While India has been able to incentivise the manufacturing related R&D in India as being innovation, this has not been done in the IT sector so far. To make sure India transforms into a digital economy and embraces innovation, it is important that the government announces the R&D incentives for the IT & Engineering Industry as well during this budget. This has been already done in many countries like UK and Ireland. States such as Telangana which are focusing on innovation can derive benefit and the same with the industry.
BVR Mohan Reddy, founder and executive chairman, Cyient and former chairman, Nasscom, said, “This budget becomes even more important as the nation is going through a big initiative of demonetisation which has impacts in various size and forms. In a country like India, where 86 per cent of the transactions happens in cash, this is a bold step by the government to push the economy to a digital highway.”
Boost digital infrastructure
He adds, there is a need of robust infrastructure creation to enable a smooth digital economy. The upcoming union budget should announce a more easier framework and guidelines to own the card payment machines or the POS terminals by the SMEs. Right now many intermediaries and financial institutions levy transaction charges, like at petrol pumps. Such charges have to be removed to make sure people are not penalised for using digital mode of transactions. The union budget should announce relief on such transaction charges and should a step forward and incentivise the usage of digital payments through discounts and tax waivers.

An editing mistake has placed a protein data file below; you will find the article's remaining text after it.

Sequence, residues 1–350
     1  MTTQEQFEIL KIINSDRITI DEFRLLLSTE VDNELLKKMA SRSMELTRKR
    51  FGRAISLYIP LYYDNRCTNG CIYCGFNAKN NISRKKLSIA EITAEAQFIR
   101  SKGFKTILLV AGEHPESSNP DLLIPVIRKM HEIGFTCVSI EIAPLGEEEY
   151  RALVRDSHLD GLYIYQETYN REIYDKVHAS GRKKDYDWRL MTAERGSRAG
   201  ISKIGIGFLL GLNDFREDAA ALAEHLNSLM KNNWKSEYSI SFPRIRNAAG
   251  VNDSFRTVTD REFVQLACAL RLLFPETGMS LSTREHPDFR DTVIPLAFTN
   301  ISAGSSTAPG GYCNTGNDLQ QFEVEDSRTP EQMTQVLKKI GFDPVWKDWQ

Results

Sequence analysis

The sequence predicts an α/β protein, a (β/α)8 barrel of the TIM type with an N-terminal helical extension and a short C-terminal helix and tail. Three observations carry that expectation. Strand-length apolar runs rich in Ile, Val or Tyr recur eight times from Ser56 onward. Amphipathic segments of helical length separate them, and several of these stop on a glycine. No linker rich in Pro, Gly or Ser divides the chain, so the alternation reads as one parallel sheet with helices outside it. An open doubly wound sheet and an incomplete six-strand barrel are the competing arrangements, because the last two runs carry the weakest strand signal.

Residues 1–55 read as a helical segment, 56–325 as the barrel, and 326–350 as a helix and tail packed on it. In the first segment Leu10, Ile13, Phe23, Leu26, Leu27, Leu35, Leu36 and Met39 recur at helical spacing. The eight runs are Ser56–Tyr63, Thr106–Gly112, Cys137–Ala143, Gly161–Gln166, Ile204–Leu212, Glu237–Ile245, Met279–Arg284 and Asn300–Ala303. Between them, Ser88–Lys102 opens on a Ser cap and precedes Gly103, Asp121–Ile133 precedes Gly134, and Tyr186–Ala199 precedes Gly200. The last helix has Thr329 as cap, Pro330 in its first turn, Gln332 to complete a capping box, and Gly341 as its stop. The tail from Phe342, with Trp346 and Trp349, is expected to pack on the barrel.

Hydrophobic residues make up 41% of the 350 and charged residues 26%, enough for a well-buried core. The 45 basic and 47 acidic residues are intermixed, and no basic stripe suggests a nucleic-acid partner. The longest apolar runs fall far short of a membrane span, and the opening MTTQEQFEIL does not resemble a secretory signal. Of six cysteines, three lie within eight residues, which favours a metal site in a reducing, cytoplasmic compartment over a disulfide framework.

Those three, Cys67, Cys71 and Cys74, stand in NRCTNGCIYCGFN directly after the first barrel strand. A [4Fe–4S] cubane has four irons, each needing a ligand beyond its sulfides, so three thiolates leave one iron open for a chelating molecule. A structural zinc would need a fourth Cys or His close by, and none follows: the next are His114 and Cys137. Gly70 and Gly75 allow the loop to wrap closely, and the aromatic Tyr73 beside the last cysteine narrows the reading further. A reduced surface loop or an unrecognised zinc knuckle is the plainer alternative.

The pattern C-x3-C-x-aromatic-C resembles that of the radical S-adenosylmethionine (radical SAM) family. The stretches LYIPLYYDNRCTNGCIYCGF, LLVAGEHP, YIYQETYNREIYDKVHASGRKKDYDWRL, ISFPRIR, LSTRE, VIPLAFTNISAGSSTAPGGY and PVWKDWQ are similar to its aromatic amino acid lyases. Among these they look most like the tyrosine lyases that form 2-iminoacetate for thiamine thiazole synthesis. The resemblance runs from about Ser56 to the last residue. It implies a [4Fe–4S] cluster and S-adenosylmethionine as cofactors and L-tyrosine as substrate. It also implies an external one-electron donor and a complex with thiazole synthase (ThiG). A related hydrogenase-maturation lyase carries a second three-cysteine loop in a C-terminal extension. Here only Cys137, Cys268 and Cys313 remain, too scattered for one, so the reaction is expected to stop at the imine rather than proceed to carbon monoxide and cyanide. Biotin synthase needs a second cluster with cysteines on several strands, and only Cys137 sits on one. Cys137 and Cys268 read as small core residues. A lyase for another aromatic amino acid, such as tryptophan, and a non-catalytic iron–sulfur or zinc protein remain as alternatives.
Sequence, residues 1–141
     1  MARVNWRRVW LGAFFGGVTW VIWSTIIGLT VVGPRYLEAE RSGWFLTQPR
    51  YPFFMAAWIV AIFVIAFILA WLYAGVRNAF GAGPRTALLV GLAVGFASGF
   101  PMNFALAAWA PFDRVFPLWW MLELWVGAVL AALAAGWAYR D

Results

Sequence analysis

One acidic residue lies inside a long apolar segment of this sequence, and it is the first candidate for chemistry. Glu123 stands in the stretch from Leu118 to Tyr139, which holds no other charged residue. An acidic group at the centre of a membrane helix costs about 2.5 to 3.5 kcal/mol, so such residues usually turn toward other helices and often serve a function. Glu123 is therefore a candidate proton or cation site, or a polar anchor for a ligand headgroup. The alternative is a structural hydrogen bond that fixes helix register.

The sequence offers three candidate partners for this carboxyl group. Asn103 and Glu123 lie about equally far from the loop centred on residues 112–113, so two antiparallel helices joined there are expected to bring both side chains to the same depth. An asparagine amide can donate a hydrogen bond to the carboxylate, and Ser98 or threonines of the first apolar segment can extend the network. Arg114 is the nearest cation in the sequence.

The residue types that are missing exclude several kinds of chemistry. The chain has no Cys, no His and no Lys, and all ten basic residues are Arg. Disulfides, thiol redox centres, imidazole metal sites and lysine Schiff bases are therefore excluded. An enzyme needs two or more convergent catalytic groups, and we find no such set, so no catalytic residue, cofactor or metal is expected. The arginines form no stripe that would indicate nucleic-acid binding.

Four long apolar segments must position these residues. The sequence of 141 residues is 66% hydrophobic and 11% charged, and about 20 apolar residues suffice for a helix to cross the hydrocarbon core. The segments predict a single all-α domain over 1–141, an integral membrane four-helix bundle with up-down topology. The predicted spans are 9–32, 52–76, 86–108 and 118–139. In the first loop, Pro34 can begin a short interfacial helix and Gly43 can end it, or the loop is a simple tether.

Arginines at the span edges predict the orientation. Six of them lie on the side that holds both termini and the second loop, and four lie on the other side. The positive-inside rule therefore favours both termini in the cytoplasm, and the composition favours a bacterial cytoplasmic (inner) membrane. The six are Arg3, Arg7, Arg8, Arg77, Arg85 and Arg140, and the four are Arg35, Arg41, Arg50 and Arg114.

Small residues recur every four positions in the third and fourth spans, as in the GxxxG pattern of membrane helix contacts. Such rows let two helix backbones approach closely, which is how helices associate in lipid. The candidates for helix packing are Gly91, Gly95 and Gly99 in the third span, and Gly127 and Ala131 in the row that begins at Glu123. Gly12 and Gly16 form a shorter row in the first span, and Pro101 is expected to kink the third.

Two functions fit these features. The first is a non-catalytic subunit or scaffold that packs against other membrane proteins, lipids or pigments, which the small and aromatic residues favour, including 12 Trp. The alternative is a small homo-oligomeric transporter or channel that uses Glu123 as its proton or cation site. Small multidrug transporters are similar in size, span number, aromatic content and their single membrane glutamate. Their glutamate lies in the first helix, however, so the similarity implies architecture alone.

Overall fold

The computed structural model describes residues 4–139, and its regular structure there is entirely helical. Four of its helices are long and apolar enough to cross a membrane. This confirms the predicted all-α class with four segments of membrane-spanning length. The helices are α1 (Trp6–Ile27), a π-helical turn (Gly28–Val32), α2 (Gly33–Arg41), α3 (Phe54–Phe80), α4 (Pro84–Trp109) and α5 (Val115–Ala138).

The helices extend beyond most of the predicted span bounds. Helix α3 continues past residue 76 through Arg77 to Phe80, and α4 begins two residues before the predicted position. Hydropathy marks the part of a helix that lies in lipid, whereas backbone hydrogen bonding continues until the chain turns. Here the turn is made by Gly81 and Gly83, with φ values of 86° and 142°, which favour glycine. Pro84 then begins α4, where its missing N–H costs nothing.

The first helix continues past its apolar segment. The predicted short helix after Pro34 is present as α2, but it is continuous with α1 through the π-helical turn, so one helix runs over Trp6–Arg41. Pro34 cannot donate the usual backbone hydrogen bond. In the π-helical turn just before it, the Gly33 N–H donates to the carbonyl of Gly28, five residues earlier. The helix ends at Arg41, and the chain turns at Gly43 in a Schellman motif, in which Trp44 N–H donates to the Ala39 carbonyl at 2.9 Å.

There have been concerns around the unusually high safe harbor margins (ranging between 20 per cent- 30 per cent) and this has to be revised to a lower rate which is more realistic based on the APA (Advance Pricing Agreement) data. Safe Harbor margins are high in transfer pricing and have not been adopted by the IT companies from India, Reddy said.
IT experts point out, the software product development industry has been largely dominated by small and medium enterprises (SMEs) which has been suffering with the 10 per cent TDS levied on all software transactions, which has cascading effect. The upcoming budget should address this issue to make sure government provides the required boost to the software product SMEs.
Reflecting the same belief, Anant Maheshwari, president, Microsoft India, said, digital technologies will have a long-term impact in all the key sectors that are looking to transform – manufacturing, retail, education, health and even in agriculture. “India has a tremendous opportunity to push the boundaries of technology usage to leap frog to the fourth industrial revolution where data defines processes, products and interactions. Therein lies the opportunity for, what I call, Make Digital in India. It is about taking world’s best technologies and creating solutions that work for India and other markets like India. With this budget, I expect a continued focus on Digital India that will help us Make Digital in India.